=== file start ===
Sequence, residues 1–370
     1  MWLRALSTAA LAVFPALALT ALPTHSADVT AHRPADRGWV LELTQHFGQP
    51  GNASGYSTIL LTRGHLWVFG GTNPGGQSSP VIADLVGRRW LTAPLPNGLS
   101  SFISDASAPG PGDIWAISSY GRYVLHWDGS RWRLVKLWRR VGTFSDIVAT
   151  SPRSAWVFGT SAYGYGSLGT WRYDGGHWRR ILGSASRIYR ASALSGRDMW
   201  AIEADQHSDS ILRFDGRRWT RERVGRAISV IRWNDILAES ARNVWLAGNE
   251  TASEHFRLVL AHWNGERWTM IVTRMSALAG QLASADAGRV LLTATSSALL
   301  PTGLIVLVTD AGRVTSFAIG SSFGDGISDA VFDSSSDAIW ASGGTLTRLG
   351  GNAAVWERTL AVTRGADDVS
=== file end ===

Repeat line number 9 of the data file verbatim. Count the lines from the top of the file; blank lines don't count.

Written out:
   351  GNAAVWERTL AVTRGADDVS